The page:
In England following the Norman Conquest, monasteries and priories planted many apple orchards. They brought with them much expertise in apple cultivation from France. In 1086, twenty years after the invasion, half of the land in Kent was owned by the Christian church and St Augustine’s Abbey at Canterbury, so you can imagine the Norman/Christian influence on apple production across England. Two cultivars of apple became widespread in the thirteenth century, ‘Pearmain’ and ‘Costard’, there being records of their rootstocks being bought and sold. Cider became a popular and safe beverage, diluted for children, and cider became a valuable product with which to pay workers, also a popular drink for pilgrims. When you consider that ale required the production of an annual crop, whereas cider apples appeared year in, year out, perhaps for 70 years once the tree had started to fruit, then the value of the apple was inestimable, particularly because they could be cold-stored, providing they were kept frost-free. In addition, cider had a much longer shelf-life than ale.


Adam and Eve

Adam and Eve depicted with an apple by Lucas Craach (1472-1553)

Adam and Eve depicted with an apple by Lucas Craach (1472-1553)

It’s a question for debate whether our Christian forebears formed an uneasy alliance with the apple, and although the apple is not given as the forbidden fruit in the Old Testament’s Book of Genesis story about Adam and Eve (nor is any other fruit given), artistic speculation and interpretation of this story in the mediaeval period eventually began to include the apple. For instance, an engraving by Albrecht Durer in 1504 shows Adam and Eve with the forbidden fruit being an apple. Again in the 16th century, Lucas Craach’s (1472-1553) Titian shows Adam and Eve under an apple tree with a single apple held jointly between them both (see image). The apple theme was further propagated by artists in subsequent generations. It’s interesting to note that Malus – the Latin name for the apple, means both ‘apple’ and ‘evil’.


The Reformation
Henry VIII played his own part in the history of the apple in England. Following the Black Death and the War of the Roses, apple production had declined dramatically in England. Henry VIII imported French gardeners and instructed his fruiterer, Richard Harris, to identify and produce new varieties at his orchard in Kent. The red skinned Pippin was introduced from France, but in Tudor times the Queene was the most common variety.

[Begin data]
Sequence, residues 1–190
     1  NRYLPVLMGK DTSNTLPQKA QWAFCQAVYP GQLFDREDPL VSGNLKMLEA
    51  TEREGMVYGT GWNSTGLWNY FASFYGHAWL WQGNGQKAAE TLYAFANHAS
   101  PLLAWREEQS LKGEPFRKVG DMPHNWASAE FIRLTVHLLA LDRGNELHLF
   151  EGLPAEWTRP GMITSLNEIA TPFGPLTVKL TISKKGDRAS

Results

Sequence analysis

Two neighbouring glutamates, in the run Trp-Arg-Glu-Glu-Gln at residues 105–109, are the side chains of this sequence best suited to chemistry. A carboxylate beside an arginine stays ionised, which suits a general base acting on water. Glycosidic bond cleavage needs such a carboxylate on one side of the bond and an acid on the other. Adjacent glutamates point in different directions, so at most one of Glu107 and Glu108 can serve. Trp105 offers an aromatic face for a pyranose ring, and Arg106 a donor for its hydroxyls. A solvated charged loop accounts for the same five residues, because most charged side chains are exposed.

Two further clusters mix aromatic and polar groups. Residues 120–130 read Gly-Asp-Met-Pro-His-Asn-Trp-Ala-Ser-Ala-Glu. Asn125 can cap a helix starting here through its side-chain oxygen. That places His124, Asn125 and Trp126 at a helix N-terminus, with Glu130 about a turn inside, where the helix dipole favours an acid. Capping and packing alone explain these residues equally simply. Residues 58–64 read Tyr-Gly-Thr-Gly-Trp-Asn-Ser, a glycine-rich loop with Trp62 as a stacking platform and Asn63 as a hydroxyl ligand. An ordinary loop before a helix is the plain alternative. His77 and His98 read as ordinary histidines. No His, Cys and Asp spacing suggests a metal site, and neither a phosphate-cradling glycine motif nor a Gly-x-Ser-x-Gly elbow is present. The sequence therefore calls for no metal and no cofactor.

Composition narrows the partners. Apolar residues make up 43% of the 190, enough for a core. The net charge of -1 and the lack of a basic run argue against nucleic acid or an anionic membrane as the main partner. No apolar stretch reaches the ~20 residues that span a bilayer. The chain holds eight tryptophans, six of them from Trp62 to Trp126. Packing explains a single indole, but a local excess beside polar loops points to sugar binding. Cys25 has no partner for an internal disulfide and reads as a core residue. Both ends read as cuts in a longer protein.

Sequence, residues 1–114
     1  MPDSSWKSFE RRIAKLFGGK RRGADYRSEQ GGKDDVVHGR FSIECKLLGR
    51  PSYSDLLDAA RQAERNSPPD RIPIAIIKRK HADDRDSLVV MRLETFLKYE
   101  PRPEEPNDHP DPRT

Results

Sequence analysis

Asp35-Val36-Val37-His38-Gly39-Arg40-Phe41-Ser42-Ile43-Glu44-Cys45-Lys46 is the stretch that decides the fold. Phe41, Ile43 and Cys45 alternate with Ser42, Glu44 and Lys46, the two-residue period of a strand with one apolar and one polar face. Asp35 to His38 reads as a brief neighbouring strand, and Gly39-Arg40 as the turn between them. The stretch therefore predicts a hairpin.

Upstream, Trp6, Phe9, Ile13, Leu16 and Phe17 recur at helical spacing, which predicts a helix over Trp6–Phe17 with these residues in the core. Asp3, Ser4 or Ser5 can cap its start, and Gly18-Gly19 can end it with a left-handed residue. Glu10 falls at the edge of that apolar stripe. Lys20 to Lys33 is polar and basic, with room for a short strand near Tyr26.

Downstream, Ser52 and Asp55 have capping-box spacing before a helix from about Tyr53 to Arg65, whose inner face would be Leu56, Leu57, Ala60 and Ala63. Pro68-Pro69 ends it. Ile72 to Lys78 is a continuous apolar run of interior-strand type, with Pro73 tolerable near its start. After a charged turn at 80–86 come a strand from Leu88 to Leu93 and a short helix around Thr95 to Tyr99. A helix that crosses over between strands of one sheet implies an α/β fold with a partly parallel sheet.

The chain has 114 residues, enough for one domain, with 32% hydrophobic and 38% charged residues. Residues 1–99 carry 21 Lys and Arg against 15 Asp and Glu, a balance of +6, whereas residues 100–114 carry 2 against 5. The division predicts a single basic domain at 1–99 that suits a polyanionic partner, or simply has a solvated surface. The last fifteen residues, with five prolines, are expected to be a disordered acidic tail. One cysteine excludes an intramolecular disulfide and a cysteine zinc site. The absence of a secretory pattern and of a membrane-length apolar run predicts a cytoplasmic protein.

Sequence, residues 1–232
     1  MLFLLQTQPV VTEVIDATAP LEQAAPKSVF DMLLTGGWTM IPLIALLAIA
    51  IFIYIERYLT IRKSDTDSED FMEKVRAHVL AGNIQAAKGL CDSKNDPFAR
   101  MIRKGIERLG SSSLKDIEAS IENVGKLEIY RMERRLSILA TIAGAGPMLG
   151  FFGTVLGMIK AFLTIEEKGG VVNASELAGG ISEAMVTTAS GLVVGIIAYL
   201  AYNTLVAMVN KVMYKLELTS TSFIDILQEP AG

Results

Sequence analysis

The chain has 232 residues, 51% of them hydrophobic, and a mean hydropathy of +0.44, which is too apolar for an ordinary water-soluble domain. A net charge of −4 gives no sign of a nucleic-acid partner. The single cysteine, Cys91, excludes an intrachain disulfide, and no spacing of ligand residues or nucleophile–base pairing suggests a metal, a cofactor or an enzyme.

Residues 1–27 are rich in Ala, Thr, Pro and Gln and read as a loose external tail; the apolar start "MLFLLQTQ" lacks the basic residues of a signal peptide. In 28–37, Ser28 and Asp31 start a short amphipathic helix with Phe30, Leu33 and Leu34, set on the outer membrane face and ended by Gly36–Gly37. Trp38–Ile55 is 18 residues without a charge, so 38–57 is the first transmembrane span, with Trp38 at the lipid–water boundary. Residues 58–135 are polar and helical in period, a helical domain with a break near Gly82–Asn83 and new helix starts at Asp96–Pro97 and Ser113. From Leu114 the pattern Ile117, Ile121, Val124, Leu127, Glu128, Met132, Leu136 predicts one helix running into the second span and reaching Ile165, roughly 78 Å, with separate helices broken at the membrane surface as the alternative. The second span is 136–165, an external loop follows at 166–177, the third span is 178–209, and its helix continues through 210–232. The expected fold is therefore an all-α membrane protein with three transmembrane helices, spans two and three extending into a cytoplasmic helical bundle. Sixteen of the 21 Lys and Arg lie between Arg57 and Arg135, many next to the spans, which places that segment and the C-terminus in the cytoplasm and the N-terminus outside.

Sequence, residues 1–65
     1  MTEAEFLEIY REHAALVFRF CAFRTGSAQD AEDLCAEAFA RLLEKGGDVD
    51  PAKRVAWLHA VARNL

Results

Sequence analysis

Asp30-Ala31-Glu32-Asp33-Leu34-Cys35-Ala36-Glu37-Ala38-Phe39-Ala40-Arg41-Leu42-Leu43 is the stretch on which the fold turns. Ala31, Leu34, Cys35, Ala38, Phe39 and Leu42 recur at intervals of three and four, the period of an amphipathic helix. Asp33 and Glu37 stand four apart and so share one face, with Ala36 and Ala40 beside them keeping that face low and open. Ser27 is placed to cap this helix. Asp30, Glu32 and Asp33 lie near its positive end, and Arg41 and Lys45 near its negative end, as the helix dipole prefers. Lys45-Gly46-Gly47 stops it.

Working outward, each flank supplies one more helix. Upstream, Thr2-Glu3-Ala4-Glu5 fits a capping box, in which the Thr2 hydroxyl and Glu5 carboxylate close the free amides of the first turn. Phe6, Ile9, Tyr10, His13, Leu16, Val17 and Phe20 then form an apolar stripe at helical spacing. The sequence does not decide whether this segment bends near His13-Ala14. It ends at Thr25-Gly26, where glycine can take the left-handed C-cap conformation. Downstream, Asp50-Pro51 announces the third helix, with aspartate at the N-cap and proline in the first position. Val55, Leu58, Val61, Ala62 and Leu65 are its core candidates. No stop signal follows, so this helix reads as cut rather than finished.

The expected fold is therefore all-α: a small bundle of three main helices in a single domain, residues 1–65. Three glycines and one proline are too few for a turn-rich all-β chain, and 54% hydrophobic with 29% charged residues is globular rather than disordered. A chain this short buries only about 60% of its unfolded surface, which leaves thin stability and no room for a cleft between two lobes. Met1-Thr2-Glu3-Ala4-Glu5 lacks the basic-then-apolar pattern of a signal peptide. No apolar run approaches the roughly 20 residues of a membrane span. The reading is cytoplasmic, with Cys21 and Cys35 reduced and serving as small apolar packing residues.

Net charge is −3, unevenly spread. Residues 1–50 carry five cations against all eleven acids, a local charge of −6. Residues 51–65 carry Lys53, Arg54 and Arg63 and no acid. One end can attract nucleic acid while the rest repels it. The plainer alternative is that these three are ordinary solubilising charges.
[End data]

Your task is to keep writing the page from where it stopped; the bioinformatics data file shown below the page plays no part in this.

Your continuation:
Cider for wages
Cider was once used to pay employees, and it’s said that employers who produced the best ciders could attract good quality employees, because much of their wage was paid in lieu of cider.


The Truck Law
Of course there was a major flaw with paying employees in goods, as it was down to the employer to decide on the value of goods given to employees in lieu of money. It was very much in the interest of the employee to value whatever goods that were given as highly as possible, leading to much swindling, (for want of a better word). When researching the Truck Law, I’d found reference to it in 1464, although no information was forthcoming, although there were amendments listed for 1725, 1831, 1887, 1896 and 1940. It appears that employee payment with goods was finally made illegal in 1887 but I stand to be corrected. Editor

Next Post:
Previous Post:
This article was written by

Nigel has been publishing magazines since 1995 (some 20+ years now). Passionate about our countryside and heritage, the magazines reflect this interest. Nigel's the Editor of the DEVONSHIRE magazine which he established in 2009 and founder of the innovative HUBCAST event promotion platform which launched in 2011